Due to increasing globalization of businesses in the U.S. and around the world, more privately held U.S. businesses are expanding internationally. In a press release dated 9/13/2011, PricewaterhouseCoopers, LLP reported that “the majority (51%) of U.S.private companies surveyed for PwC US’ Private Company Trendsetter Barometer plan to do business abroad in the next one to two years, and 48% already have an international presence.” As companies doing business abroad seek to register or form subsidiaries in other countries, they should factor ongoing corporate compliance requirements into their decisions. Once outside the U.S., a company often needs to provide a great deal more information on annual reports filed with the company registrar than is required in the U.S., resulting in a lot more information becoming part of the public record. This is especially true for companies that are not publicly traded and have no SEC reporting requirements. Ensuring a good understanding of the annual compliance requirements is a necessary first step when deciding to form an entity or register it to do business outside the U.S.
Countries with Minimal Annual Report Requirements
There are some countries where annual compliance is essentially a matter of paying an annual fee. In countries like the British Virgin Islands and the Bahamas, while the registered agent must maintain information on the shareholders, members, officers and directors of the company, there are no financial reporting requirements and, for the most part, this information is not public record. (In the Bahamas, a “register of directors” does get filed with the Registrar General.)
Canada: Annual Report Requirements Similar to the U.S.
Other jurisdictions, such as Canada, require the same basic information as is required in many U.S. States – changes made to the officers and directors, address, company location, etc. In some provinces, such as Alberta, Manitoba, Saskatchewan and Quebec, shareholder information must also be reported and becomes public record. If a company is interested in forming a Canadian subsidiary, rather than registering as an extra-provincial, i.e. foreign entity, it should keep in mind that in many provinces, the company books and records, such as share register, board minutes, resolutions and financial statements, along with other documents, must be kept at its “records office,” which must be located in the province.
U.S. Territories: Annual Report Requirements Often More Stringent
Although one might expect there to be more similarity to U.S.requirements, reporting requirements are often more stringent in the U.S.territories. Guam is the exception to this rule, requiring basic information, although like Canada, names and addresses of the shareholders must be provided. In the U.S. Virgin Islands, the annual report must be accompanied by a balance sheet and profit and loss statement prepared by an independent accountant. Puerto Rico is the most stringent of the three; companies whose volume of business is over three million dollars must provide a report audited by a Puerto Rican CPA. Companies whose volume is under three million dollars, still must provide a balance sheet, but it needs only to be prepared in accordance with GAAP (Generally Accepted Accounting Principles) by a person with general accounting knowledge. This latter requirement has actually been revised this year to be more flexible than what was previously required. Earlier, corporations whose volume was under three million dollars needed to provide a balance sheet with an opinion letter drafted by a Puerto Rican CPA attached.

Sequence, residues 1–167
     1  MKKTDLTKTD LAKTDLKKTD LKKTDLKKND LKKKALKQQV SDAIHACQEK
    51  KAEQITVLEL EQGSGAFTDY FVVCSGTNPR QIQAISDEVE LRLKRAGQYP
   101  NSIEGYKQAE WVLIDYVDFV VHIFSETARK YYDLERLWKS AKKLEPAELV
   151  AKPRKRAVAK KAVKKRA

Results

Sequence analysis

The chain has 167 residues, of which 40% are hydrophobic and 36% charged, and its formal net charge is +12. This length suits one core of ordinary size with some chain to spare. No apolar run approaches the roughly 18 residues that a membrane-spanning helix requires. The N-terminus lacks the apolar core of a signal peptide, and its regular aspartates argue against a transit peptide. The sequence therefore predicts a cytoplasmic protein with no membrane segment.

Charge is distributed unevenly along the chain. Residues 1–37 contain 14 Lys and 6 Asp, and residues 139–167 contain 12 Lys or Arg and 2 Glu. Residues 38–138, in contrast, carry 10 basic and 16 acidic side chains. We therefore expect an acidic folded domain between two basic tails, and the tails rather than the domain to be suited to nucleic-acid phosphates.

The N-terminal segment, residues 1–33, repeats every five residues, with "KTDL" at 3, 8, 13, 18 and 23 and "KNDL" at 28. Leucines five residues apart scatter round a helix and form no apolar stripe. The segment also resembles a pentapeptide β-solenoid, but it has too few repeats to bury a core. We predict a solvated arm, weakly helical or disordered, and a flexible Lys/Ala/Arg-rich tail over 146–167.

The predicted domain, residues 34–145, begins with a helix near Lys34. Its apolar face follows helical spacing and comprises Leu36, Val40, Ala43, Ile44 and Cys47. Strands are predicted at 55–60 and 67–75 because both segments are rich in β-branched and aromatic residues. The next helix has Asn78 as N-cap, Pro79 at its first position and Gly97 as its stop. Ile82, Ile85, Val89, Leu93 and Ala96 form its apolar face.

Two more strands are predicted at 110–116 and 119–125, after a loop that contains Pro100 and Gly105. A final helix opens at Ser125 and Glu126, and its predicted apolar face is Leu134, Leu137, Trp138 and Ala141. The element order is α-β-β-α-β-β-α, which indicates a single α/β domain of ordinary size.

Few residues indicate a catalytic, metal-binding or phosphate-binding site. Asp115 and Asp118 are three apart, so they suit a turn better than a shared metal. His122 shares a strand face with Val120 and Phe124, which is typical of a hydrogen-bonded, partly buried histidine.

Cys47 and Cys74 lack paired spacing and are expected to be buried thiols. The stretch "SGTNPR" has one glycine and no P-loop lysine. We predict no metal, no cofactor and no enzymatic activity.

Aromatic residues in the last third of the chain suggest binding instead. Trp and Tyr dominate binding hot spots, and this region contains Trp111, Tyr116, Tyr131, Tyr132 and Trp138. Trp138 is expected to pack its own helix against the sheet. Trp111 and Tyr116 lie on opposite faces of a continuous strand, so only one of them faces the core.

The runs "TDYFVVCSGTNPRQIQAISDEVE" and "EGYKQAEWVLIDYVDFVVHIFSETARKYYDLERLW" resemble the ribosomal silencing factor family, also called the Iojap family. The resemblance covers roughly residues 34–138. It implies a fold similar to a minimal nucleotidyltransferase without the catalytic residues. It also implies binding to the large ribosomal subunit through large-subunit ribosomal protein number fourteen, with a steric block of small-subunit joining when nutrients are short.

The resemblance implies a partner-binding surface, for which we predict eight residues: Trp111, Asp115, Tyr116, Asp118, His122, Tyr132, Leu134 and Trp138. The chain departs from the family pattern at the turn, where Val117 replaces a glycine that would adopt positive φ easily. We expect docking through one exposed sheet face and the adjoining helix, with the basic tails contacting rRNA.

Annual Financial Statements Required in the European Union and Elsewhere
There are also a large number of jurisdictions where financial statements must be filed annually with the registrar and become part of the public record for the company. Most countries in the European Union, including the U.K., Ireland, France, the Netherlands, as well as other popular jurisdictions like Hong Kong, Singapore and Australia, require financial statements to be filed annually. These become part of the public record for the company and are often available online.
For a small or mid-size privately held company, these financial reporting requirements can be burdensomely expensive (especially when audited accounts are required) and cumbersome. If forming a subsidiary entity, it is important to evaluate whether parent companies will be required to file group accounts in the jurisdiction. U.S. companies also have to worry about the differences in accepted accounting principles. Although some countries, like the U.K., allow financial reports to be prepared in accordance with local accounting standards, others require the use of International Financial Reporting Standards (IFRS). While publicly held companies may be aware of and already planning to change from GAAP to IFRS in anticipation of the upcoming decision of the SEC, that is less likely to be true for a privately held company.
Corporate Annual Reports: A Small Part of Overall Compliance
Of course, annual reporting requirements are just one part of compliance when you form or register a company to do business outside of the U.S. Tax obligations, hiring requirements, business licensing and many other factors must be considered and planned for. When a company decides that the time is right to expand outside of the U.S., it should ensure it has competent legal counsel, who is well versed in all legal, tax and other compliance and maintenance obligations of a company registered or formed in the target jurisdiction.
This article is provided for informational purposes only and should not be considered, or relied upon, as legal advice.